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Puppy First-Year Timeline
A puppy’s first year of life is so full of changes that they seem to happen right before your eyes. Soon, the tiny, wriggling bodies turn into amusing, four-legged explorers who can get into trouble as soon as your back is turned. The gradual progression of newborn to adolescent to fully matured dog can be broken down into stages. Below, we’ll briefly go over these distinct puppy phases, several developmental milestones, and the importance of starting training early.
The first stage of puppy development is birth to four weeks old. The litter of pups is completely dependent on the mother. Their movement is limited as they spend most of the time sleeping except to nurse from mom numerous times throughout the day.
A remarkable milestone during this phase is a massive growth spurt, as their body weight can double in just a few days. They’ll also sprout fur, cut teeth, open their eyes, and attempt to crawl. Puppies this young are susceptible to illness and should avoid contact with other dogs or people.
During the next stage, the pups are four to eight weeks old. Their growth continues quickly despite the mom beginning to wean them from her milk. Solid foods are introduced gradually until they are fully weaned. The little ones become much more mobile and social during this time, yet they are noticeably fearful when encountering new stimuli. A vet exam and first vaccinations are scheduled during this phase, and potty training may also begin. At eight weeks, the puppies may be ready for their new homes.
From two to three months old, most puppies enter what is referred to as a “fear period.” At this time, the young pups are very impressionable and may form strong attachments to people. A scary or negative experience may influence behaviors and even create phobias for the rest of their lives.
Their new families should do all they can to avoid the dog becoming frightened or hurt. Praising good behaviors and positive interactions is also essential. Obedience training and careful exposure to new experiences can be very constructive in developing certain lifelong behaviors, such as calmly riding in the car and listening to commands.
A wild amount of energy often characterizes the next stage. When they hit three to six months old, puppies are energetic, grow rapidly, and gain better control of their bodies. Sometimes, they might overdo it and must lay on a cooling pad to avoid overheating.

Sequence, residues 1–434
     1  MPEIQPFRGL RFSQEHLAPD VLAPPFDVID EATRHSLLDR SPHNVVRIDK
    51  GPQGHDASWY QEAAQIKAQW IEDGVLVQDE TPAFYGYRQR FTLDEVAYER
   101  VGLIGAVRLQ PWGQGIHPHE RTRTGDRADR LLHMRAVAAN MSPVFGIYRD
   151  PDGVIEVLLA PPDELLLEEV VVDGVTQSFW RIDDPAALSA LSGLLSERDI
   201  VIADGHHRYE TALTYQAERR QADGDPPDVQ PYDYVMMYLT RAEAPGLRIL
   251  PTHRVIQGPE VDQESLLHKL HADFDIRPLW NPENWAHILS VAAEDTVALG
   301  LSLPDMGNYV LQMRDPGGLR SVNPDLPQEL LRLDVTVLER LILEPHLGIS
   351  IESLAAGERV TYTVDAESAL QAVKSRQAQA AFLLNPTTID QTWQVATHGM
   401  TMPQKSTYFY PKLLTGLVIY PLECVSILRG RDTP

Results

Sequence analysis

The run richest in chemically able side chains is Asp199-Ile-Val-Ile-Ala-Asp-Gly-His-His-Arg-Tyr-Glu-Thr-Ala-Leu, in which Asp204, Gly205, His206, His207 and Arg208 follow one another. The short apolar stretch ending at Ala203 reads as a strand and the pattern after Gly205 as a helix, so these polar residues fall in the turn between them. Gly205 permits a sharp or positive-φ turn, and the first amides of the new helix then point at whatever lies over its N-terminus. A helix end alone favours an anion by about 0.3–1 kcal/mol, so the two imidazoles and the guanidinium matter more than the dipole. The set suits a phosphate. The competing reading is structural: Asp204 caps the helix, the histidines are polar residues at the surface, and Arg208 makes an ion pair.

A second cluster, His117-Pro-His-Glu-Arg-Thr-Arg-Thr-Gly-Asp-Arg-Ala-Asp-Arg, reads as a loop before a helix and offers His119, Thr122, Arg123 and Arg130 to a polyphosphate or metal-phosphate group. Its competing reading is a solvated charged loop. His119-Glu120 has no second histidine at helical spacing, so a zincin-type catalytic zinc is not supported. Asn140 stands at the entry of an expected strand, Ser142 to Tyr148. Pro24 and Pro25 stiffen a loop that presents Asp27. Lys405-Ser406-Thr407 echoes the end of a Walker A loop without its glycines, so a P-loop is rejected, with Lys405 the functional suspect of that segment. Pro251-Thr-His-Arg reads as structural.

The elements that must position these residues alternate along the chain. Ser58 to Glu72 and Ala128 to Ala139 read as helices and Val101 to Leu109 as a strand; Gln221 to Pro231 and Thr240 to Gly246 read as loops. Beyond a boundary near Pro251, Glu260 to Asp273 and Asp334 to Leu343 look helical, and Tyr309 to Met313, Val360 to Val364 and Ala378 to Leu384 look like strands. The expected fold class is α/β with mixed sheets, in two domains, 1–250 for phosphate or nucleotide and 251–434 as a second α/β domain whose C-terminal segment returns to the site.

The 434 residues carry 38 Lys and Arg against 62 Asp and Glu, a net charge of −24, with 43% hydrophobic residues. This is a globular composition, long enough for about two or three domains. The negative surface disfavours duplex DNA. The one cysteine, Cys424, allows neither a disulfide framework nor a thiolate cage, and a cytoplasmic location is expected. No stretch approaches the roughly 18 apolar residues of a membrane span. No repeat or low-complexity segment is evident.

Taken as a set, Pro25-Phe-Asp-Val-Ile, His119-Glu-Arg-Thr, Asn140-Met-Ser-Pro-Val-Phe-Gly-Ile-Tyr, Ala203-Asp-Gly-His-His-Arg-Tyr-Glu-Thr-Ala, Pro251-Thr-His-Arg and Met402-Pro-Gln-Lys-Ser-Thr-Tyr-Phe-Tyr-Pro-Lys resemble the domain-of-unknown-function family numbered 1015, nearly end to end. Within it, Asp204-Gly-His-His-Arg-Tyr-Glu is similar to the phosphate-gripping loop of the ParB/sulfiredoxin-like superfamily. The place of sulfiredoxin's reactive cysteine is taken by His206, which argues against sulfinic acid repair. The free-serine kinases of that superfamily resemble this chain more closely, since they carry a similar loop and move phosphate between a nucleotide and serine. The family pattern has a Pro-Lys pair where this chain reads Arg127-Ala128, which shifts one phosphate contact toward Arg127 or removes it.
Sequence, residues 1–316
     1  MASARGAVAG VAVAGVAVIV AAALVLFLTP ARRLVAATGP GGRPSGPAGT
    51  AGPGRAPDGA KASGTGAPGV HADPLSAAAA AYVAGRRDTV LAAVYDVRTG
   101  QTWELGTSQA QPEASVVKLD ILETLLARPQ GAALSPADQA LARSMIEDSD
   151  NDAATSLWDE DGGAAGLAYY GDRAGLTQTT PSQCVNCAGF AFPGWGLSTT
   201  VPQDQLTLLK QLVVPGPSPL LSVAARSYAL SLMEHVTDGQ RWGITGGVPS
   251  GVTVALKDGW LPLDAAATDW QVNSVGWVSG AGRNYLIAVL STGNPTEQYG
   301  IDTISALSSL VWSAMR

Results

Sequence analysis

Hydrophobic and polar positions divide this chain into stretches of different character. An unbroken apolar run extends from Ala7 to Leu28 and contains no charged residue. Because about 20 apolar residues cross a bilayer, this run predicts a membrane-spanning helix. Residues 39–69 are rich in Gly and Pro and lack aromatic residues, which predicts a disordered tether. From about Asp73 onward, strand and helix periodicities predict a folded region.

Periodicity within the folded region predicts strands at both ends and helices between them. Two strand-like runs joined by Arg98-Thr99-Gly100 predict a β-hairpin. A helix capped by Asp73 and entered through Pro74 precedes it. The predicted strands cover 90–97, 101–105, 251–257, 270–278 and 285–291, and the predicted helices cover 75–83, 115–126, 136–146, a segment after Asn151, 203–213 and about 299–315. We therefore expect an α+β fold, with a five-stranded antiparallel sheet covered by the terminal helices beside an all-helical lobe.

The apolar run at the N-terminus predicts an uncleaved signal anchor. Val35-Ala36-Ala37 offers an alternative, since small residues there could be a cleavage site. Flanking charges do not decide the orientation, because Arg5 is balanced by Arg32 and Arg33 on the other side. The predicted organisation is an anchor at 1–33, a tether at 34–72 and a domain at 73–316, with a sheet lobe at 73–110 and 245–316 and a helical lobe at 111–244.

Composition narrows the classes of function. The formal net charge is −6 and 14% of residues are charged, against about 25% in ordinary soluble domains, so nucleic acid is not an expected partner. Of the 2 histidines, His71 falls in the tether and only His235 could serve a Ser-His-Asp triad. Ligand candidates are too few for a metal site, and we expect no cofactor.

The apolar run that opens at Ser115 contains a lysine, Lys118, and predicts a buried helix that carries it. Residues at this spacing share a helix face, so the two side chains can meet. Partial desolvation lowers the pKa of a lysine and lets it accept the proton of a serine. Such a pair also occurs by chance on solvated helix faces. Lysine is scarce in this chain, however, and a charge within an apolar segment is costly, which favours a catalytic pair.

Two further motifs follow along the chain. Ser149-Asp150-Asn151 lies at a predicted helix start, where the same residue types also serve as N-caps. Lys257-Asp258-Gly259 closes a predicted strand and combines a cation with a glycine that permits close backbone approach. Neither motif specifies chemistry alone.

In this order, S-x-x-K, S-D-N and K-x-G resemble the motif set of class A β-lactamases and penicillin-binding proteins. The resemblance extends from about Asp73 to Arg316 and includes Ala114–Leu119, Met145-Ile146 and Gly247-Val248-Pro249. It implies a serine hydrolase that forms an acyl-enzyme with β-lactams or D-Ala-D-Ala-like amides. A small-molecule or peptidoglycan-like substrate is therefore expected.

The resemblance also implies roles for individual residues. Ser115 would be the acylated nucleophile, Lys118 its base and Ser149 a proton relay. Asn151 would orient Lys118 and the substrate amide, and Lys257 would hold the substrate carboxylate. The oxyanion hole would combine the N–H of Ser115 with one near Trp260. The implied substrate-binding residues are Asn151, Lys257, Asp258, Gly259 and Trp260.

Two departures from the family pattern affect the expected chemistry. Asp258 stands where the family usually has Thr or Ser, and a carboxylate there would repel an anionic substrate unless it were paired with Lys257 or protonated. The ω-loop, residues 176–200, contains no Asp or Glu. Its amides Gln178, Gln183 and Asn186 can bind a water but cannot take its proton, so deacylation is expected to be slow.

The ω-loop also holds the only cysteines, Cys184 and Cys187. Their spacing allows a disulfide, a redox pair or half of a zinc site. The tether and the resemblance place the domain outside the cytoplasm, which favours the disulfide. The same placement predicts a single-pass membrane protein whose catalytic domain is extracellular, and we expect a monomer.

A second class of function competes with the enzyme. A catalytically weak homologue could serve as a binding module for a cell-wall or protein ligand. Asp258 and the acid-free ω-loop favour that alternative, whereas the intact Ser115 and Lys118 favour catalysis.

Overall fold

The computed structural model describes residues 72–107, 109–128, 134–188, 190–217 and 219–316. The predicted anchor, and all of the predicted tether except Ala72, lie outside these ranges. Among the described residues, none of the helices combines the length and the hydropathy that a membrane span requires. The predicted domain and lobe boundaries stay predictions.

While many pups gain more confidence at this age, some may go through another fear phase. Handling these changes should be done delicately and patiently. Owners should continue to familiarize the pup with new things, such as bathing, touching their paws, and visiting the vet for additional health screenings and vaccinations.
The final stage of puppyhood is six to 12 months, although it may be longer for some breeds to reach physical and emotional maturity, mainly due to size. The switch to adult food and toys can be made at this time or according to the vet’s instructions.
Dogs may now be spayed or neutered, depending on their development. Temperament and personality traits can be observed, typically lasting throughout their lifetime. Routine exercise and training are crucial as the pup learns its place in your family and becomes a well-behaved, happy dog.
Looking for more information on puppyhood or training your newest addition to the family? Check out the accompanying resource from Green Pet for a handy timeline of puppy’s first year.
Author bio: Krista Green is Marketing Manager at Green Pet. As a dog mom, Green knows the responsibility of caring for our pets. After years in media, she brought her editorial efforts to the pet industry and loves that Green Pet stands for putting our pets and the planet first.
Graphic created by Green Pet.